KUALA LUMPUR, April 14 — As Malaysia gears up for the 14th general election (GE14), the economy will be sure to get a bump from the spending that goes hand in hand with election campaigns.
Just how much money are we talking about?
For a start, the Election Commission (EC) has already said it needs an estimated RM500 million to run the entire general election this year. It previously said the expenses include rental costs, equipment procurement and allowances.
That might seem like a big amount, but the government had previously allocated a maximum of RM400 million for the 13th general election in 2013. In comparison, RM85.4 million was spent for the 2016 Sarawak state election, which involved 82 state seats.
The Election Offences Act 1954's Section 19 imposes legal limits on election spending for candidates for state seats to RM100,000, while those contesting parliamentary seats can spend a maximum of RM200,000.
Anyone who knowingly spends beyond these amounts will be guilty of an illegal practice.
Going by the assumption that there will be at least two candidates for each of the 505 state seats throughout Malaysia (excluding Sarawak), they can collectively spend a maximum of RM101 million.
Again going by the likelihood that there should be a minimum of two candidates for the 222 federal seats nationwide, they can together spend a total of RM88.8 million.
Added up, that would be RM689.8 million or close to RM700 million.
And this figure does not take into account the potential election spending by political parties, who do not face any legal limits for such expenditure.
Maybe even up to RM1b
Yeah Kim Leng, professor of economics at Sunway University Business School, weighed in on Malay Mail's estimate of about RM600 million to RM700 million for direct election expenditure, saying that it will still contribute to a spending increase but will likely not be significant enough to show up in the country's overall Gross Domestic Product (GDP).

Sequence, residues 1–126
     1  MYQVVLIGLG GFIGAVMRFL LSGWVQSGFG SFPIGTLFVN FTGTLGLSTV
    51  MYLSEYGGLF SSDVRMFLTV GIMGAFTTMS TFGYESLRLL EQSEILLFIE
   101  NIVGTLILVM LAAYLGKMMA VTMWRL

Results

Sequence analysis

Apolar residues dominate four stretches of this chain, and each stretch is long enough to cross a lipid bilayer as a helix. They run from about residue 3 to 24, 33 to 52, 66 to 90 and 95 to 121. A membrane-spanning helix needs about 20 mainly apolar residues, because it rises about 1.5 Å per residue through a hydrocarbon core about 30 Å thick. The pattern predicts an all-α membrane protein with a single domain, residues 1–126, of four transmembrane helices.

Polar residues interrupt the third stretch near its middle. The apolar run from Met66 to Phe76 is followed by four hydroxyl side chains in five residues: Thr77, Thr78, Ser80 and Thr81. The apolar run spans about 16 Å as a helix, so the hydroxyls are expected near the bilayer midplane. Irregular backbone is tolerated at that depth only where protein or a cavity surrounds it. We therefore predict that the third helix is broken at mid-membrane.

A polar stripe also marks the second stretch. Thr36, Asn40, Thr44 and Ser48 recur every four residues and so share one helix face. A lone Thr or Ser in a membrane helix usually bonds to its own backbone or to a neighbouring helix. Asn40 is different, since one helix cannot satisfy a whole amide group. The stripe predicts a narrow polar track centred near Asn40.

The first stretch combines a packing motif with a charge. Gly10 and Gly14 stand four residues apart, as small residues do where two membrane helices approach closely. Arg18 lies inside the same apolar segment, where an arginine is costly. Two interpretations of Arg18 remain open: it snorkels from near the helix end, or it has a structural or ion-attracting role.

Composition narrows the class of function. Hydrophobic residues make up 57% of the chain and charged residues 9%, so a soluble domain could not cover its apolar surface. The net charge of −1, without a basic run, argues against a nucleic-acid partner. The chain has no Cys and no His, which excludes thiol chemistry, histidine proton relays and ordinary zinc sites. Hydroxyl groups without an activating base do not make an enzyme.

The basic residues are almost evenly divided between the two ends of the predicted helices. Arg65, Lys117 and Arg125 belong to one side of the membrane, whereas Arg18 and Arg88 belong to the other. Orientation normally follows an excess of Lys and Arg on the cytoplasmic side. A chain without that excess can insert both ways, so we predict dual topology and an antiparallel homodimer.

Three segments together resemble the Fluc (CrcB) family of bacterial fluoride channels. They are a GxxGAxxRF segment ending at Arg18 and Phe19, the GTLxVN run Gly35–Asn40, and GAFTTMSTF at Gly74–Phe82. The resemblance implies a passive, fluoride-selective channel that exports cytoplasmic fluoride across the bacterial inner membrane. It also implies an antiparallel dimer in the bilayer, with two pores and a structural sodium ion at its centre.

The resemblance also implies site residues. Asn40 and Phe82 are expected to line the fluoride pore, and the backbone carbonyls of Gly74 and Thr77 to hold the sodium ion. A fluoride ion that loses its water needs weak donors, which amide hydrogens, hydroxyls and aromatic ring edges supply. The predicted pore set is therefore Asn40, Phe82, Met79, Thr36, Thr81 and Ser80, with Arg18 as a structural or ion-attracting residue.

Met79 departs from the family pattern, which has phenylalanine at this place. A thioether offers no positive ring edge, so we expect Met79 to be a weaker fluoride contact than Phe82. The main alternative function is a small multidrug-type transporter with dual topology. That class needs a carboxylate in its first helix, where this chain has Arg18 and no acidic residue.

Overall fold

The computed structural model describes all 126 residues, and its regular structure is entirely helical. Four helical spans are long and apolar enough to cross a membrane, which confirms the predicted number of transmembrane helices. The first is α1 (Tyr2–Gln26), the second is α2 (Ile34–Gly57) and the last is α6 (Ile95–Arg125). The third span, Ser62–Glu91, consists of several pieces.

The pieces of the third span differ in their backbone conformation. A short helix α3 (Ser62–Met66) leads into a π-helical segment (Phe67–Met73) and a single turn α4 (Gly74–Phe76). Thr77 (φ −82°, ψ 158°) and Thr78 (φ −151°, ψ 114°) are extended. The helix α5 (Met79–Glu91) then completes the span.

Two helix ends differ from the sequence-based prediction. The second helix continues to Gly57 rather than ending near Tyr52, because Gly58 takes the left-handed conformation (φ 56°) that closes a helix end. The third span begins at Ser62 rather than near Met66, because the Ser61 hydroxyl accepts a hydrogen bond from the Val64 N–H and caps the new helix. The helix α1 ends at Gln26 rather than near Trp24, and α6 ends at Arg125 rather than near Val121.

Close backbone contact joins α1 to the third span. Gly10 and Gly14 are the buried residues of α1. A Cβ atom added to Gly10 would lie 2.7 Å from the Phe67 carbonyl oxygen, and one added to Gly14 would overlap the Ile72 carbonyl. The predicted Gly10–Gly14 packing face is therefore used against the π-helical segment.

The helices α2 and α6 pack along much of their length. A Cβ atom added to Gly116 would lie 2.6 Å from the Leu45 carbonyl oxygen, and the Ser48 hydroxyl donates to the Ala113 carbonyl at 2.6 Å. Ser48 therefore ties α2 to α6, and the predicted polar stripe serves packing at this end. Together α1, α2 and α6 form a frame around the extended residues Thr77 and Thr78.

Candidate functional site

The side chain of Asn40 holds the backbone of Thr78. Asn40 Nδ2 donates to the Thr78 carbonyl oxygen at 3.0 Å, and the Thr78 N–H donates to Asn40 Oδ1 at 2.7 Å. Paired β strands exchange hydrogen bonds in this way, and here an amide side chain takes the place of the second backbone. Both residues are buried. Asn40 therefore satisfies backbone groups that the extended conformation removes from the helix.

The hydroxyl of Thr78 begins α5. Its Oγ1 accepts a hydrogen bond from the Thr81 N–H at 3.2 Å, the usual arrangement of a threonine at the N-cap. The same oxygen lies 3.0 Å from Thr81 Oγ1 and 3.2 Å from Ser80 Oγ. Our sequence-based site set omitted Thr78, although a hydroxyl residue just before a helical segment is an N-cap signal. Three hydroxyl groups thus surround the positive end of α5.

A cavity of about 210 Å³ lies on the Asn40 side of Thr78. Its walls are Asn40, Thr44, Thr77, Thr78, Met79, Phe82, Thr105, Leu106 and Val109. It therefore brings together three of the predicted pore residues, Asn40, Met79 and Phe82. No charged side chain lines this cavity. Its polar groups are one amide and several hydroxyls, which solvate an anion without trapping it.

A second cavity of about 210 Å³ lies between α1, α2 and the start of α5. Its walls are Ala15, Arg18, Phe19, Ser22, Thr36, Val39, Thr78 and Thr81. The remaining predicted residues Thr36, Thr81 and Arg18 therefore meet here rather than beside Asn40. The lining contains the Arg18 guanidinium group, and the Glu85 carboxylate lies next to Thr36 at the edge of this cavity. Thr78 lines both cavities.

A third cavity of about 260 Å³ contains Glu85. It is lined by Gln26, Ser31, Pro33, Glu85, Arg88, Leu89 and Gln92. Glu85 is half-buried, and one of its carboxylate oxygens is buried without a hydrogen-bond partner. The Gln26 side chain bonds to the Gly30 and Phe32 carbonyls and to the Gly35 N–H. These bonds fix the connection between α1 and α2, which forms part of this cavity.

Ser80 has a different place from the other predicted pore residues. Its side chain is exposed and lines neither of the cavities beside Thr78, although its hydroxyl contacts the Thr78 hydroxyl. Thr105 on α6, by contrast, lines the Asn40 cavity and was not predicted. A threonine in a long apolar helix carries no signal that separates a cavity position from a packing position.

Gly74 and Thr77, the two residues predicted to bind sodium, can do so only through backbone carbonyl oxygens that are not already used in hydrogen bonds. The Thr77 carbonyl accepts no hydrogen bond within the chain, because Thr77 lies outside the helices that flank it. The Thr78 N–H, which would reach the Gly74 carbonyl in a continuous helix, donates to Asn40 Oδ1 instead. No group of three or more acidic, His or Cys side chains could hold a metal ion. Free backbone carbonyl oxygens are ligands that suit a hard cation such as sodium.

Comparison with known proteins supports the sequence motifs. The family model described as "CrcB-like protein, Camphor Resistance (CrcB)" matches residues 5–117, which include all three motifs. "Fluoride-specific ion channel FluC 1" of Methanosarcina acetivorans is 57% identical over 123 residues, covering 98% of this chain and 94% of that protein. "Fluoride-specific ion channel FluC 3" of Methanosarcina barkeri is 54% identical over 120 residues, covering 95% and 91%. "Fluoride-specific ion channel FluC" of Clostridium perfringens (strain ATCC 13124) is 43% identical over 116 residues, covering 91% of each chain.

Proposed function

"So RM600 million to RM700 million compared to overall GDP of almost RM1.4 trillion, the spending amount is very marginal as a percentage of overall GDP," he told Malay Mail when contacted.
Yeah said there will also be indirect election spending that will boost the economy during the campaign period, namely the additional amount of unofficial funding by political parties that give handouts to voters and also the spillover effect on businesses.
"The other one is the multiplier effect of the spending increase, because it will increase demand for other sectors including transport, printing of banners and posters, benefit these suppliers; and of course during the campaign period, hotels and places where people gather will see increased business," he said.
Yeah said the combined direct and indirect spending can easily go up to RM1 billion or RM2 billion, but noted that it would be hard to quantify these projections since there are no official figures.